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Liability at a brownfield is typically the legal responsibility for costs of cleaning up property that is contaminated (or thought to be contaminated) by a past owner or operator. Liability is based on the type of contamination found at the site, either hazardous substances or petroleum. Liability can be both strict and joint and several, depending on the applicable law.
Concerns about liability issues for lenders and prospective purchasers are among the main potential obstacles to brownfields redevelopment.
For more information about liability issues and legal assistance, please contact
Meredith Gramelspacher, Director of the Indiana Brownfields Program & General Counsel, at (317) 233-1430 or firstname.lastname@example.org.
The Indiana Brownfields Program (Program) attempts to eliminate liability concerns for stakeholders at sites where either an enforcement discretion policy or an exemption from liability based in statute applies. The Program also addresses the potential for the Indiana Department of Environmental Management (IDEM) to require a cleanup based on comparing site conditions to objective, risk-based standards found in the IDEM Remediation Closure Guide Nonrule Policy Document and Remediation Program Guide (RPG). The Program addresses these issues in either a Comfort or Site Status Letter, which is made available under the Brownfields Comfort/Site Status Letter Nonrule Policy Document.
The Program is requesting additional information be submitted with the Brownfields Comfort/Site Status Letter Request Form. Please see Brownfields Comfort/Site Status Letter Supplemental Information Request Form.
"All appropriate inquiries" or AAI is the process of evaluating a property's environmental conditions and assessing potential liability for any contamination. The Indiana Brownfields Program’s advice to all prospective purchasers of potentially or known contaminated property is to conduct an AAI-compliant Phase I Environmental Site Assessment (Phase I) prior to acquisition. Conducting a Phase I will ensure that you have the most information about potential or recognized environmental conditions on the property, as well as perhaps ensure your eligibility for an exemption from liability for any contamination on the property. For brownfields legal liability protections, a new or updated Phase I is required within 6 months prior to a property transaction.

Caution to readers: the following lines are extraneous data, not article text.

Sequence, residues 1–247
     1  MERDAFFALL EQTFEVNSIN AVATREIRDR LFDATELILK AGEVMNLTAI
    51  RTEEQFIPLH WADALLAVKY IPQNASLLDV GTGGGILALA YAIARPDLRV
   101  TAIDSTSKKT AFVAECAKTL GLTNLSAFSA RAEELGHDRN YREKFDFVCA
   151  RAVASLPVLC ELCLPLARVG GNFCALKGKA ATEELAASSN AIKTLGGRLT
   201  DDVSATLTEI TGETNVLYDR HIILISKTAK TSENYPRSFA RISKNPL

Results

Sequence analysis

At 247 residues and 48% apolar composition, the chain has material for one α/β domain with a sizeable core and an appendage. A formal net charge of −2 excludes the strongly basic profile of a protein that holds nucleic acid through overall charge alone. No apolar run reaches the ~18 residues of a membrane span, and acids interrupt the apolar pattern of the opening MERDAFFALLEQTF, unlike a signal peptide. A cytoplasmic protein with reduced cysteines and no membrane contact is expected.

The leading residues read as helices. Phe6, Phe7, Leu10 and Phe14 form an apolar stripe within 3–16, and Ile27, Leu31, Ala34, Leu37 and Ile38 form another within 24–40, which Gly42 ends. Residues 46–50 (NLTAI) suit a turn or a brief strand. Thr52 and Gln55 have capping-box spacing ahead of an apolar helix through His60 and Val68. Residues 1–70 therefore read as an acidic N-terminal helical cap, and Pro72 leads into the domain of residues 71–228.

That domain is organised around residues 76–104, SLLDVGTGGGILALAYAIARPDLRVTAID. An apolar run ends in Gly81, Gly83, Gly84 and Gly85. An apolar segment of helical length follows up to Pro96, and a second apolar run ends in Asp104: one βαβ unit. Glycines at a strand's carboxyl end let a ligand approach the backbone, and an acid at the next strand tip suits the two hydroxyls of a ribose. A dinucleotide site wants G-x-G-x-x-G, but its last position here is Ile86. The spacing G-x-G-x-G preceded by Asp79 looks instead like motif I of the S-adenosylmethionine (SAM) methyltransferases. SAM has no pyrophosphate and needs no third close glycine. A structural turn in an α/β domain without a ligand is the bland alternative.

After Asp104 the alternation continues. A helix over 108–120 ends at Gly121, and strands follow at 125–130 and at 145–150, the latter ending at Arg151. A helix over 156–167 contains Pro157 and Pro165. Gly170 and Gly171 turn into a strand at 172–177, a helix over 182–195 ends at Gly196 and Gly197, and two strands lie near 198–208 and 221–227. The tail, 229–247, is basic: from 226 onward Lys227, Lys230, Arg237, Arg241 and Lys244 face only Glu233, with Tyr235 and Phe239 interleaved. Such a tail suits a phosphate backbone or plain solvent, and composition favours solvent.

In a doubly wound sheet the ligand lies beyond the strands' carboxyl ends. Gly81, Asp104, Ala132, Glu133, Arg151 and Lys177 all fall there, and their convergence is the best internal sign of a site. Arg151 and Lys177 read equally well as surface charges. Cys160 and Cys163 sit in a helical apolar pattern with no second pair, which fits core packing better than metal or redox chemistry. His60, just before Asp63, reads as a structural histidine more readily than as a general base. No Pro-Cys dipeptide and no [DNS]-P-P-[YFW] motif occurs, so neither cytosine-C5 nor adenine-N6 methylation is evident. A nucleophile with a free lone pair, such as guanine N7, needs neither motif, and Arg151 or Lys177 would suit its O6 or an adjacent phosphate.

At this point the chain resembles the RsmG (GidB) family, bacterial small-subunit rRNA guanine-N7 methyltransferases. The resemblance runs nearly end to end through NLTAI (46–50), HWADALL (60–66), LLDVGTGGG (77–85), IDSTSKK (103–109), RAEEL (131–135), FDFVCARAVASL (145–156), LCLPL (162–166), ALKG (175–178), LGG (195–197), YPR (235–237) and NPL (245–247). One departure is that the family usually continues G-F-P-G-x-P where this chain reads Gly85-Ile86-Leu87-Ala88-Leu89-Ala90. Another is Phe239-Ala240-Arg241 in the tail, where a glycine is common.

Although not a regulatory program, the Indiana Brownfields Program is authorized by statutes that allow for the provision of services and the distribution of financial assistance to communities for assessment and cleanup of brownfield properties. When providing assistance at brownfield sites, the Program must adhere to all existing laws, regulations and policies that relate to protection of human health and the environment and that apply to other IDEM remediation programs.
A former Studebaker facility has been redeveloped into a new transfer/recycling station in South Bend, referred to as Green Tech Recycling (Green Tech). This is a great example of how thinking green for the environment can bring cost savings, new jobs, and community enrichment.
After a long industrial past, the former Studebaker Plant 8 facility sat vacant for 12 years. Mother Earth LLC (Mother Earth) then acquired the property in 2005 and invested $4 million for its demolition, remediation, and redevelopment. The Indiana Brownfields Program provided $45,123 in assessment and remediation grants to Saint Joseph County for the project, and the City of South Bend provided $67,000 in funding from a brownfield assessment grant that it received from the U.S. EPA.